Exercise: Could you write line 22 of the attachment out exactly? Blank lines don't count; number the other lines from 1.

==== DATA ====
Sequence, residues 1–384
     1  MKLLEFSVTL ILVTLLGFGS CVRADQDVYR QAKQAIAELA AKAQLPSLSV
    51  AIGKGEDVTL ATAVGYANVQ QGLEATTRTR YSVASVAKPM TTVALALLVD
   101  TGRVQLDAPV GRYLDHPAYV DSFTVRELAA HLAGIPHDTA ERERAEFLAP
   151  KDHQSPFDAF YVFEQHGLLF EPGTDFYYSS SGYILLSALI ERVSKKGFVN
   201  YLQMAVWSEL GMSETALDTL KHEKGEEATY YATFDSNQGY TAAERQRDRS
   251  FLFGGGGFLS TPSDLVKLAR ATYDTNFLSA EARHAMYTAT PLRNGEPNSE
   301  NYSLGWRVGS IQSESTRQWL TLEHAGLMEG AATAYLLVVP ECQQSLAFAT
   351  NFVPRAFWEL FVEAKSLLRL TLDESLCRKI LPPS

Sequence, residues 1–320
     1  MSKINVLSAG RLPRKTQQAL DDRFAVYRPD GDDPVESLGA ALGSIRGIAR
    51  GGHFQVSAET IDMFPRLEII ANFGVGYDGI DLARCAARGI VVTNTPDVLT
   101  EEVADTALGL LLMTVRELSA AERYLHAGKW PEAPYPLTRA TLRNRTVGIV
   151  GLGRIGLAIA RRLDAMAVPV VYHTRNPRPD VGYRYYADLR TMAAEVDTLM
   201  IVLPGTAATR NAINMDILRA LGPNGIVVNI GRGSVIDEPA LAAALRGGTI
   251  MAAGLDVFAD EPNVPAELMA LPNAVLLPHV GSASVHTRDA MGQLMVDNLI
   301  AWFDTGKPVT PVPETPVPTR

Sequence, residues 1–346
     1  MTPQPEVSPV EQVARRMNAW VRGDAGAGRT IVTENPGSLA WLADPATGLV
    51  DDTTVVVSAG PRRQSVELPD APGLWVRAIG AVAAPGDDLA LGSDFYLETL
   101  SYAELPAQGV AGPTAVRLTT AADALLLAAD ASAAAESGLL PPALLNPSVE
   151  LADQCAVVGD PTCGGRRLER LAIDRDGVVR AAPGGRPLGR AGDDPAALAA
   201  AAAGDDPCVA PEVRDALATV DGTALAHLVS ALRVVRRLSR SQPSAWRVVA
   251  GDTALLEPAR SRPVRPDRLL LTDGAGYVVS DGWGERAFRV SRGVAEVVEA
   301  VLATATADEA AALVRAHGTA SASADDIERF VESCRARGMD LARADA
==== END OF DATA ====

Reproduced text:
   151  LADQCAVVGD PTCGGRRLER LAIDRDGVVR AAPGGRPLGR AGDDPAALAA